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Abundance and American democracy: a test of dire predictions

Ostheimer, John M. and Ritt, Leonard G. (1982) Abundance and American democracy: a test of dire predictions. Journal of Politics, 44 (2). pp. 365-387. ISSN 1468-2508


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Publisher’s or external URL: http://dx.doi.org/10.2307/2130590


The American political system was severely tested in the 1970s and it is not yet obvious that the system's response to those tests was adequate. Some scholars have argued that the confusion we witnessed in energy, environmental and economic policies was symptomatic of even worse situations to come. Their consensus is that our style of democratic politics is incapable of dealing with the problems we increasingly face. Consequently, they predict that democracy's days are numbered. Furthermore, many Americans sense that the "joy ride" may be over, and that our economy may be hard pressed to maintain standards, much less continue its historic growth. One poll showed a 34 percent increase, since 1977, in respondents who believe, "The United States is in deep and serious trouble," and a well known economist, employing the terminology of game theory, has suggested that ours has become a "Zero-Sum society."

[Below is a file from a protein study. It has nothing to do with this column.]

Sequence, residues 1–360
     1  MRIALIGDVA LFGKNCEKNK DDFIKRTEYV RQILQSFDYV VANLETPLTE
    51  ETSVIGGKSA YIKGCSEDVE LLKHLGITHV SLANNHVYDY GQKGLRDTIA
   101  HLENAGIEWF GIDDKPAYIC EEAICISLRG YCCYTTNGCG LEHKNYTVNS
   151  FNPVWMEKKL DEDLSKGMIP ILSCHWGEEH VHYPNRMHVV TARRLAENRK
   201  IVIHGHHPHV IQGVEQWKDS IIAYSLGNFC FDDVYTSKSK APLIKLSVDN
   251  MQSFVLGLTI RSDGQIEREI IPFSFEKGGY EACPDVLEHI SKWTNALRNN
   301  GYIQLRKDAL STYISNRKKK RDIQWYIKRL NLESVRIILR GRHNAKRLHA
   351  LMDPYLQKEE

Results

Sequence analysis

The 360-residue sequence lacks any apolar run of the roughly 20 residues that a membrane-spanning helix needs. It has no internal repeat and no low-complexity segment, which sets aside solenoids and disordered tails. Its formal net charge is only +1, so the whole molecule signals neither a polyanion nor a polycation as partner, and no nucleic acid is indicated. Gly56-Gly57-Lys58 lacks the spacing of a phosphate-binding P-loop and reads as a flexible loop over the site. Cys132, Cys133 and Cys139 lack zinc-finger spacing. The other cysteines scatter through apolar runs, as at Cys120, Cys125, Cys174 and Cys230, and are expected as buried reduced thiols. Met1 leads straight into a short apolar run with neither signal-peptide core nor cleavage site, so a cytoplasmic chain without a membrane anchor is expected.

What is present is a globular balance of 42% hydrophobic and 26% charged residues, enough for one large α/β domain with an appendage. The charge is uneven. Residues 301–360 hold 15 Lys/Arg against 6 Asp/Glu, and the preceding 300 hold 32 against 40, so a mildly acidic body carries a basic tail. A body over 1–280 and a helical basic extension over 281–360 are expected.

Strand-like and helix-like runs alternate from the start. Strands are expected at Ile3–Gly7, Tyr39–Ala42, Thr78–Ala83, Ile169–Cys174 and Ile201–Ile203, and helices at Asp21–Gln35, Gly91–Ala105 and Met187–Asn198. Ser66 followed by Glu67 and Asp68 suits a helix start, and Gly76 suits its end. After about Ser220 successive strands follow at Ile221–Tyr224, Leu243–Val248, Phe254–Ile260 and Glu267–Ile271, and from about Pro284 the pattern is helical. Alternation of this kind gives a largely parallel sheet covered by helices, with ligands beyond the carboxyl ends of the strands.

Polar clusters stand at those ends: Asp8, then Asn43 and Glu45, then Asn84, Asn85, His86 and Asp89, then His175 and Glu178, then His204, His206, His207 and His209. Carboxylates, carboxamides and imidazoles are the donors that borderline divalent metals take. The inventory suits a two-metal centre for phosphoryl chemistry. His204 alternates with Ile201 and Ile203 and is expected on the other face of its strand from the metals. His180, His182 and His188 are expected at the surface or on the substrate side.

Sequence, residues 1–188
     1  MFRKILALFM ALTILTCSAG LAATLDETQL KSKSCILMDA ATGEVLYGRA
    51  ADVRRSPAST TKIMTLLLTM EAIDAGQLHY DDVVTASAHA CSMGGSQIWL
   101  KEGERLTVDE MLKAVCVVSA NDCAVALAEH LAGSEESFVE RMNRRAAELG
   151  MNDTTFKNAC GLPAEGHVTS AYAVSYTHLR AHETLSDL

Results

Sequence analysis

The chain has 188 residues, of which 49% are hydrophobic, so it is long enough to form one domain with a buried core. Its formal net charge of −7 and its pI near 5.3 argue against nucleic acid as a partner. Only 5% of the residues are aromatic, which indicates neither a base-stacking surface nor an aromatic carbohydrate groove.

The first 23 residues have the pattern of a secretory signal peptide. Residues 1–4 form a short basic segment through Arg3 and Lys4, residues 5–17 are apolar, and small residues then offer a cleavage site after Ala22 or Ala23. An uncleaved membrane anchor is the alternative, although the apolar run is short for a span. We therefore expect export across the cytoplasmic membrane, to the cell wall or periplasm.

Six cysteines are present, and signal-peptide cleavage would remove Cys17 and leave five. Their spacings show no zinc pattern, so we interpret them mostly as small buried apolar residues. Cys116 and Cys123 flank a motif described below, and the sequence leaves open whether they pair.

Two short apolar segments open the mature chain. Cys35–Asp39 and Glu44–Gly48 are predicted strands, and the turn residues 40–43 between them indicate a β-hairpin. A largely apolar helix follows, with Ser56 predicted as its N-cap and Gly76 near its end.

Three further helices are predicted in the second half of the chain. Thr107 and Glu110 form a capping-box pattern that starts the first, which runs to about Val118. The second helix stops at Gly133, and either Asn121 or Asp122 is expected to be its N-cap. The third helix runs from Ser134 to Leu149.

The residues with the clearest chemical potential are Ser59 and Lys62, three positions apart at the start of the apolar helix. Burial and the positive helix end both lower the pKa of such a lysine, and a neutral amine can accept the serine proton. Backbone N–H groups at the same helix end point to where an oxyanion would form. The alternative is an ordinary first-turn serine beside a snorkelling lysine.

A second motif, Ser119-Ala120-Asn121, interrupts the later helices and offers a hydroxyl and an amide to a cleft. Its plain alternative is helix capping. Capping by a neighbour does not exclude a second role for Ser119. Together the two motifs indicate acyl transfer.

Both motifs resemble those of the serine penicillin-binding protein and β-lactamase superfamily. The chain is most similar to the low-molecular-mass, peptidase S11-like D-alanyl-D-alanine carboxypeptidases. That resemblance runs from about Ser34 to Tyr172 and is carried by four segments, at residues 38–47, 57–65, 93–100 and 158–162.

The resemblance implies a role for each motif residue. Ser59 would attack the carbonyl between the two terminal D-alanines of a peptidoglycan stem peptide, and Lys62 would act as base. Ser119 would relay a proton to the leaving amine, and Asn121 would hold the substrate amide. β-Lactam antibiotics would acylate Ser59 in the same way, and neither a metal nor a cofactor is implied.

Item Type: Article
Publisher’s Statement: © 1982 University of Chicago Press
ID number or DOI: 10.2307/2130590
Subjects: J Political Science > JK Political institutions (United States)
NAU Depositing Author Academic Status: Faculty/Staff
Department/Unit: College of Social and Behavioral Science > Politics and International Affairs
Date Deposited: 09 Mar 2016 00:45
URI: http://openknowledge.nau.edu/id/eprint/973

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